Feb 06 2012
prev sibling next sibling parent James Miller <james aatch.net> writes:
It is also worth noting that the reason delegates are not eligible for
thread spawn is that delegates hold references from outside their
definition. This means that delegates can hold references to data that
outside their thread, thus breaking the rule that all data is
thread-local unless specified otherwise.

The compiler could try to reason about your program and figure out
that your "delegate" doesn't actually access cross-thread data, but
that is very, very hard to prove. D's design is not suited to the
Actor model, at least not without some modification.

On 7 February 2012 13:16, Steven Schveighoffer <schveiguy yahoo.com> wrote:
 On Mon, 06 Feb 2012 16:38:03 -0500, Oliver Puerto <saxo123 gmx.de> wrote:

 Hello,

 I'm very new to D. Just started reading "The D programming language". I
 should read it from beginning to end before posting questions here. I kn=


 ... But I'm just too impatient. The issue seems not to be that simple,
 nevertheless. The code below compiles with Visual Studio.

 I want to have something like my actor class that I can start running in
 it's own thread like in Scala or other languages that support actors. So=


 best, I would like to do something like this:

 =C2=A0 =C2=A0MyActor myActor =3D new MyActor();
 =C2=A0 =C2=A0auto tid =3D spawn(&start, &myActor.run());

 However, this doesn't work. So I came up with the solution below where t=


 start function is called with myActor as an argument.

Welcome to D! Unfortunately, it looks like functions are the only runnable types via spawn. =C2=A0There should technically be a delegate version, and then you=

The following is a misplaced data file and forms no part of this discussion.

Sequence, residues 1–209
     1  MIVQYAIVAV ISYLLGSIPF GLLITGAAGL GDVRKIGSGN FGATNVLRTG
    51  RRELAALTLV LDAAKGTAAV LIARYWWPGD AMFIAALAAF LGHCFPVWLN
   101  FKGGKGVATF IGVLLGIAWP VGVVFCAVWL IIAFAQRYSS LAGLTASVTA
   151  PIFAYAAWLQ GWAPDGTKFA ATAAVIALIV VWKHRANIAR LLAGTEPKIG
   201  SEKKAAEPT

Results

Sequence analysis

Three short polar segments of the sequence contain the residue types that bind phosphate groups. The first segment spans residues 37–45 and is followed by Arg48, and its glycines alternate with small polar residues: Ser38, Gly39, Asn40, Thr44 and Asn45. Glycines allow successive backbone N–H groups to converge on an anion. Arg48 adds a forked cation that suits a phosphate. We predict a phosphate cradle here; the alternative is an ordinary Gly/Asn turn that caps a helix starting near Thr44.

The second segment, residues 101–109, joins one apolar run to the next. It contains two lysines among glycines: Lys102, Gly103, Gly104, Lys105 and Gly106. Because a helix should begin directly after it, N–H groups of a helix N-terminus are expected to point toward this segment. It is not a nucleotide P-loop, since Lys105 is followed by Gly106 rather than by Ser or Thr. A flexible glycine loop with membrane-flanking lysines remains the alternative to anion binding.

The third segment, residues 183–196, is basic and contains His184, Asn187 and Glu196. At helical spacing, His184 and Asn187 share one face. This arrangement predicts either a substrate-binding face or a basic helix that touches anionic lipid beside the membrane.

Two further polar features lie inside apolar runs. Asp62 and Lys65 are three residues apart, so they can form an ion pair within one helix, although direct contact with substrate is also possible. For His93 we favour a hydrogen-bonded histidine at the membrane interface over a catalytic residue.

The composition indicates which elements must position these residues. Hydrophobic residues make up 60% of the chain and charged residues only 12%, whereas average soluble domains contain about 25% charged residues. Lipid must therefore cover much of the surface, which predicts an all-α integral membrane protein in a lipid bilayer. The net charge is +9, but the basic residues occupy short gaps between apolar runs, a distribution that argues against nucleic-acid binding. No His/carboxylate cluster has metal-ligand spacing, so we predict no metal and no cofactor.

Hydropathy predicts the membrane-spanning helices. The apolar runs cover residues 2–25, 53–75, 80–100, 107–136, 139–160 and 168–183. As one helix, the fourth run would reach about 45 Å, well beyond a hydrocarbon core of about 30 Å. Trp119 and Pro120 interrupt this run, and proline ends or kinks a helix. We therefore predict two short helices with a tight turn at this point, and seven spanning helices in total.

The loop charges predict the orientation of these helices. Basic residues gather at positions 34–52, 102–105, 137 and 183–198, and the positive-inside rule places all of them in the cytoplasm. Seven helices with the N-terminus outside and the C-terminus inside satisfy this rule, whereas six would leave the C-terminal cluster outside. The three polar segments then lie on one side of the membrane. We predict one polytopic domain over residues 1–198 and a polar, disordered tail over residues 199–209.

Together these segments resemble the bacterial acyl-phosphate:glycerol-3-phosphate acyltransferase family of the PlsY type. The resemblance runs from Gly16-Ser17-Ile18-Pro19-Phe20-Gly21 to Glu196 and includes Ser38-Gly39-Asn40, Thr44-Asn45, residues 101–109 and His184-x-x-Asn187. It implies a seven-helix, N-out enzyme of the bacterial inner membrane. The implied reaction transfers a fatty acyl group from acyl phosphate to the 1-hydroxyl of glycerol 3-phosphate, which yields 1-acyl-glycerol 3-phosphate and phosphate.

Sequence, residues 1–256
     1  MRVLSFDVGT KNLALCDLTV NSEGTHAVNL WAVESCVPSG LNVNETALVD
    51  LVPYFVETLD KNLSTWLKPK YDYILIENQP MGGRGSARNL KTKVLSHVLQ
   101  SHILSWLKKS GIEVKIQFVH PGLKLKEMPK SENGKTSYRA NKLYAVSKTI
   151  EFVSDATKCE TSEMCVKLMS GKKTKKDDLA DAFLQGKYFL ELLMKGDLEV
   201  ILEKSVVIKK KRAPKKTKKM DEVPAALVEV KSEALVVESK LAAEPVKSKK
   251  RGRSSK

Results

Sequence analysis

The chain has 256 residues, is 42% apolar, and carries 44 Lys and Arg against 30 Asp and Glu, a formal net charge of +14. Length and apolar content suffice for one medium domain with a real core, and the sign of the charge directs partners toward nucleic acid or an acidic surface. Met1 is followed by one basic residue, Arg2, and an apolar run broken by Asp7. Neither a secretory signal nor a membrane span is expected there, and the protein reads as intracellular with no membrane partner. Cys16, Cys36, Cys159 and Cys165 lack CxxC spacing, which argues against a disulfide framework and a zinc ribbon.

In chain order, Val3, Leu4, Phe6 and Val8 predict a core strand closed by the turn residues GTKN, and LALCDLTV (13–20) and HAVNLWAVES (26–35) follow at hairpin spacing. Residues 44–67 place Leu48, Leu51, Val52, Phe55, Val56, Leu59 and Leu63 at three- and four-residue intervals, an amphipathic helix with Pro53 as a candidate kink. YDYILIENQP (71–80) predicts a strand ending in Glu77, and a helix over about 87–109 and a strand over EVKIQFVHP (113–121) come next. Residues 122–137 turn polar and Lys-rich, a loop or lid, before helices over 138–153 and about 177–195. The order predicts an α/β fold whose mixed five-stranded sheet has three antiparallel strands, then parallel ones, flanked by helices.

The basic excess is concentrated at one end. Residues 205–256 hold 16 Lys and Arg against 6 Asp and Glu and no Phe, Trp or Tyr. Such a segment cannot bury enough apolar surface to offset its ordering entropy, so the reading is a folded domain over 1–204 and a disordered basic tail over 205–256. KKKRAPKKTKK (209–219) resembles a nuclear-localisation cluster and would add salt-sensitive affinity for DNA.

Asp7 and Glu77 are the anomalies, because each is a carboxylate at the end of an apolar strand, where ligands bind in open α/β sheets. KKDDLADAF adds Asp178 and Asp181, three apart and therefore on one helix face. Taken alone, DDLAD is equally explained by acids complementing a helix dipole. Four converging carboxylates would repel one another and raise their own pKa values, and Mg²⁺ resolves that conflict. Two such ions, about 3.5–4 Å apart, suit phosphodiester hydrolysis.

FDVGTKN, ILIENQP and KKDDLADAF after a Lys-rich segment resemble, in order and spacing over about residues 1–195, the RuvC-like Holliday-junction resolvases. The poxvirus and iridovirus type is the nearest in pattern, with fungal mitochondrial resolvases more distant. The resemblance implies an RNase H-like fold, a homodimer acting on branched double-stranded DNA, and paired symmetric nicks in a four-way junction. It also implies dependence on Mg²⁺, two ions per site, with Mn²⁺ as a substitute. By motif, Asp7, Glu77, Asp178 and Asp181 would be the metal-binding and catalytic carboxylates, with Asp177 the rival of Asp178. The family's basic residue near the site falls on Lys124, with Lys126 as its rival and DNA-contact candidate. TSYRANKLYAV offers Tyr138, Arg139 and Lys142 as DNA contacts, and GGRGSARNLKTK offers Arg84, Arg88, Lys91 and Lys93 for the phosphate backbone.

be able to do:

 auto tid =3D spawn(&myActor.run);

 which would run the run() method of myActor in a separate thread. =C2=A0I=

 sure what the technical limitation, but I think it has to do with guarant=

 that no unshared data is passed (I don't believe it was possible to detec=

 shared delegate vs. a non-shared one, that may have changed).

 For now, your method of using spawn is correct.

 You should note that the current implementation is not quite finished, an=

 some pieces of TDPL will not work yet. =C2=A0We are getting there, though=

 Also, for future reference, the newsgroup digitalmars.D.learn is more
 appropriate for these types of questions.

 -Steve

Feb 06 2012
prev sibling parent "Steven Schveighoffer" <schveiguy yahoo.com> writes:
On Mon, 06 Feb 2012 21:26:02 -0500, James Miller <james aatch.net> wrote:

 It is also worth noting that the reason delegates are not eligible for
 thread spawn is that delegates hold references from outside their
 definition. This means that delegates can hold references to data that
 outside their thread, thus breaking the rule that all data is
 thread-local unless specified otherwise.

 The compiler could try to reason about your program and figure out
 that your "delegate" doesn't actually access cross-thread data, but
 that is very, very hard to prove. D's design is not suited to the
 Actor model, at least not without some modification.

He wants to do a delegate of a method from a shared class, there is no unknown context here. I agree delegate literals should not be eligible. Then again, those delegates should not be marked shared. When I tried to run a simple test, the compiler reported: Error: template std.concurrency.spawn(T...) cannot deduce template function from argument types !()(void delegate() shared) So clearly, the compiler knows that the delegate is from a shared object. This should be doable today... -Steve
Feb 06 2012